Antihistamines are the classical treatment for seasonal allergic rhinitis (hay fever), but whilst they can reduce rhinorrhoea and sneezing they are less effective in reducing nasal congestion and may cause drowsiness. In January 19 British Medical Journal, Andreas Schapowal from the Allergy Clinic Landquart, Switzerland — on behalf of the Petasites Study Group — showed that butterbur (Petasites hybridus) can be efficient in the treatment of seasonal allergic rhinitis when the sedative effects of antihistamines need to be avoided.

Extracts from the leaves and roots of butterbur — variously known as butter dock, bog rhubarb and exwort — contain a mixture of eremophilan type sesquiterpenes (petasines). These petasines were seen to inhibit the biosynthesis of leukotrienes, which have been implicated in the anti-inflammatory action in type I hypersensitivity.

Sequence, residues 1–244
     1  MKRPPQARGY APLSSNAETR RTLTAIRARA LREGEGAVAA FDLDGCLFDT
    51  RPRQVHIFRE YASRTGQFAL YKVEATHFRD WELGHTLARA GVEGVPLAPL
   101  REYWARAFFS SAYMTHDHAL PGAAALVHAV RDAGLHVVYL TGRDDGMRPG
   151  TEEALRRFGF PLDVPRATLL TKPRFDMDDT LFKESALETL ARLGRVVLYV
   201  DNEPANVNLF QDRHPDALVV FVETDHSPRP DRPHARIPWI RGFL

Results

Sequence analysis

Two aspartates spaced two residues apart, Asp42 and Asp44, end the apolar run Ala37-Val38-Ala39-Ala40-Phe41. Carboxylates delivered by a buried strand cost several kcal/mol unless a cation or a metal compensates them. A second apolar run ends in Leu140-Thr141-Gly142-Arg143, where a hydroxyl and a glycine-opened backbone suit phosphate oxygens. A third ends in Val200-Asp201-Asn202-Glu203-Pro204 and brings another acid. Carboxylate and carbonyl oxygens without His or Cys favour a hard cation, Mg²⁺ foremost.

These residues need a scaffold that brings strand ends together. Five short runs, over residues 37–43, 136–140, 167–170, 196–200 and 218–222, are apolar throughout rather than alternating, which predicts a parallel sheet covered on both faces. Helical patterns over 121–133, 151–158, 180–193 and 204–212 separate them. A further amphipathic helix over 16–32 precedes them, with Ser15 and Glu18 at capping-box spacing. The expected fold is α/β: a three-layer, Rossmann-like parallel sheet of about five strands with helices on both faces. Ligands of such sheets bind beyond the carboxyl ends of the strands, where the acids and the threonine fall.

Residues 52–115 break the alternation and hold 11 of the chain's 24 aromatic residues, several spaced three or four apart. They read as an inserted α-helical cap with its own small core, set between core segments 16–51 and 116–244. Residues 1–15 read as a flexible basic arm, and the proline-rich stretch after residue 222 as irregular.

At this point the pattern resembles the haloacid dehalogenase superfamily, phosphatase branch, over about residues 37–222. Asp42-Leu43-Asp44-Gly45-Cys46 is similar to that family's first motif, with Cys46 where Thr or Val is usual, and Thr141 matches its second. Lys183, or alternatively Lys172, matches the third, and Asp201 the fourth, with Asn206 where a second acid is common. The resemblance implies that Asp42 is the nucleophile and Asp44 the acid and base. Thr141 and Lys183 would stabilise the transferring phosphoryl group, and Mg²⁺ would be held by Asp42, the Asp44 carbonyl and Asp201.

Schapowal et al. performed a randomized controlled trial to compare the efficacy and tolerability of butterbur extract tablets (ZE...

Interested in reading more?

Become a Member of

Receive full access to more than 35 years of archives, as well as TS Digest, digital editions of The Scientist, feature stories, and much more!
Already a member?